Lloyd George had promised the British, still smarting from their disastrous loss of men, that the Germans would be dealt with rigorously and seems to have veered between feeling Wilson’s Fourteen Point Plan was too liberal and lenient or considering the Treaty was too harsh; so he was torn between his election pledges of November 1918 to the British population and a knowledge that some of the conditions of the Treaty did not comply with promises of the Armistice and were unrealistic and unworkable.
Keynes blamed the rejection of Woodrow Wilson’s Fourteen Point Plan, which had been the basis of the Armistice in 1918 between the Allies and Germany, (which he calls a ‘fair and equal ideology) for the ‘Carthaginian Peace’ devised by the United States of America, Britain, France and Italy. Keynes, a liberal economist, who had been present at the peace conference in Paris thought Wilson’s principles were ‘wrongly conceived ……. and too little regard had been given to the economic realities' but he looked on them more favourably than the eventual conditions in the Treaty of Versailles.
Alan Sharp suggests that Keynes was torn between ‘fascination at the speed with which Lloyd George could absorb both atmosphere and complex briefs and disgust at his lack of fixed principles.  The British delegation containing on the one hand Jan Smuts, who took a more liberal stance on the Treaty and Billy Hughes, the Australian Prime-minister, who became the ‘most vocal exponent of a Carthaginian peace among the British delegation in Paris' shows the divisions amongst the British delegation and possibly reflects the indecision in Lloyd George’s mind.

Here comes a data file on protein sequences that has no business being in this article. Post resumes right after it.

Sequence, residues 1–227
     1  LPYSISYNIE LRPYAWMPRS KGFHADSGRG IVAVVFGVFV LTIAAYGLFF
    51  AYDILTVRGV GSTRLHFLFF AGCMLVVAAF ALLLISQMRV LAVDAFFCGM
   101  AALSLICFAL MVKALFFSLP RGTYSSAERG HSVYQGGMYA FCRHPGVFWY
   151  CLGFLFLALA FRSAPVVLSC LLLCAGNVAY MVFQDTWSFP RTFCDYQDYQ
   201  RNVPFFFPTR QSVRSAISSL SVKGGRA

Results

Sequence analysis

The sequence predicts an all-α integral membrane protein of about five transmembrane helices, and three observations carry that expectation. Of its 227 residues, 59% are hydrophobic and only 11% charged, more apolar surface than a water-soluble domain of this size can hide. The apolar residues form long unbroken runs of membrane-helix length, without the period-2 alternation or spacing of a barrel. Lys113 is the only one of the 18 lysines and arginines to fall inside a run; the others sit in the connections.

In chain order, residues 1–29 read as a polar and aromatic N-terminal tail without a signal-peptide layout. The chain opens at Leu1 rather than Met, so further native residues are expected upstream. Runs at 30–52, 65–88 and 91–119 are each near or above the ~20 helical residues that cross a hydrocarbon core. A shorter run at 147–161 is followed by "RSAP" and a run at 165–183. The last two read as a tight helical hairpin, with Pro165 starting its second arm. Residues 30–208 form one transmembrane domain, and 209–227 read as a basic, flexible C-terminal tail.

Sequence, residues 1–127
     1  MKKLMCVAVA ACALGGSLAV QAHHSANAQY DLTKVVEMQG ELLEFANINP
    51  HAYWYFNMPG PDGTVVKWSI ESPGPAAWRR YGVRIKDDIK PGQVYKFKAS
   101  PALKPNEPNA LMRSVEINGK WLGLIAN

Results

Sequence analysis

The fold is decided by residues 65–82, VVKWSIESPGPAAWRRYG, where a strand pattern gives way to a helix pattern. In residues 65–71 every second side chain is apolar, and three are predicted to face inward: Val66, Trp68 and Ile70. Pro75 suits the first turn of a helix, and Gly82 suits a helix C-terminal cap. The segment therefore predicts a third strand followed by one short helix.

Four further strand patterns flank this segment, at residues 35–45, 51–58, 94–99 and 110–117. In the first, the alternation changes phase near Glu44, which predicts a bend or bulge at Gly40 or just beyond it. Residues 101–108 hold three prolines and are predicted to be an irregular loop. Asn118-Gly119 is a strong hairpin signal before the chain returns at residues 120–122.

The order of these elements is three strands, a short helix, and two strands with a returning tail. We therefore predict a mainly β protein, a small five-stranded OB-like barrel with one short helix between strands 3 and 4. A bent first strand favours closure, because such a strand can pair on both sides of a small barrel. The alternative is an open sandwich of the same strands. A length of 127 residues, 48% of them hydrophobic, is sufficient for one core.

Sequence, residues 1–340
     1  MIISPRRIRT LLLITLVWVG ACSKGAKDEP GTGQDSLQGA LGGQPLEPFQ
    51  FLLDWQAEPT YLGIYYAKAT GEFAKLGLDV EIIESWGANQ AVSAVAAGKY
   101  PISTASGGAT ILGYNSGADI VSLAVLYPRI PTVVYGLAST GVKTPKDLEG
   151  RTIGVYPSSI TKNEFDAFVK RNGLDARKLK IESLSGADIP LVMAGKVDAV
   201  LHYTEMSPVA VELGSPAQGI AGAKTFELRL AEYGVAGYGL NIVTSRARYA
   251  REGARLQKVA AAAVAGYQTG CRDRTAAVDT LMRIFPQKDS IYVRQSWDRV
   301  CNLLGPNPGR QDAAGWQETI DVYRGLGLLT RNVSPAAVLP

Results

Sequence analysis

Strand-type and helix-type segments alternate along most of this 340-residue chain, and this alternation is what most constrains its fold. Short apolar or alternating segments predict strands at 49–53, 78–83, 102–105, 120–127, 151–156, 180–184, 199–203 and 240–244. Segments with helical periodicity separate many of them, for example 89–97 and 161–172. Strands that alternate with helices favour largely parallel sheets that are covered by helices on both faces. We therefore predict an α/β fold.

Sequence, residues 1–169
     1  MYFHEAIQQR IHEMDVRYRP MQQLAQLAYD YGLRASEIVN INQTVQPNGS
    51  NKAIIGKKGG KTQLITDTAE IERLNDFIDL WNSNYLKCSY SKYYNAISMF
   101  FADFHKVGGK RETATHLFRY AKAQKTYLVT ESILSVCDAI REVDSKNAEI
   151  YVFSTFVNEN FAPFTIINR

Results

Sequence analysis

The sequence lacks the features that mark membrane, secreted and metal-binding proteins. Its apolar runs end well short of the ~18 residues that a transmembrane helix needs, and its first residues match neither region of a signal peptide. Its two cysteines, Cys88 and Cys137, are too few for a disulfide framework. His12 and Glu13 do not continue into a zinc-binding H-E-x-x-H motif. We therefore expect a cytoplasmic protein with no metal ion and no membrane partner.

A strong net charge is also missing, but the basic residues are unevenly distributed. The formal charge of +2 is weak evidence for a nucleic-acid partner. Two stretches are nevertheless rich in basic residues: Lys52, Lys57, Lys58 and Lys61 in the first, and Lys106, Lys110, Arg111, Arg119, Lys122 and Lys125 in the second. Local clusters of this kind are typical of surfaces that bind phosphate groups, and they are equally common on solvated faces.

He felt Germany needed to be left with enough room to recover and take her place in Europe but was anxious in the aftermath of the carnage of war that Germany should be seen to be punished. Italy’s Prime Minister, Vittorio Orlando, was not vociferous at the Conference but was asking for Fiume to be assigned to Italy but it had already been assigned to Yugoslavia. Wilson resisted Orlando’s request and he and the Italian delegation eventually gave up and removed themselves from the Conference, having achieved very little from the promises given to them when they joined the war on the side of the Allies in 1915.
Germany’s political parties were for once united in their condemnation of the Treaty and together with the other defeated powers violated some of the conditions almost from the time the Treaty was signed and Hobsbawn calls it ‘a gift to German nationalism'. The Germans were to refer to the Treaty as a ‘searing wound to national pride' but Germany had already contravened the Armistice by scuttling fifty of her warships interned by the British in Scapa Flow and this pointed to the German attitude towards pledges, promises and treaties.
Discontent with the administration’s acceptance of the Diktat of the Treaty of Versailles, coupled with economic and social deprivations undermined the Weimar government and the public turned to the more authoritarian approach of the German National Socialists even though Stresemann, Chancellor of the Weimar, was declaring in 1929 ‘we are again the masters in our house. ‘ Lentin suggests that the controls of the Treaty had been shaken off by 1930 but this did not prevent the move to right wing politics and its promises of German self-determination.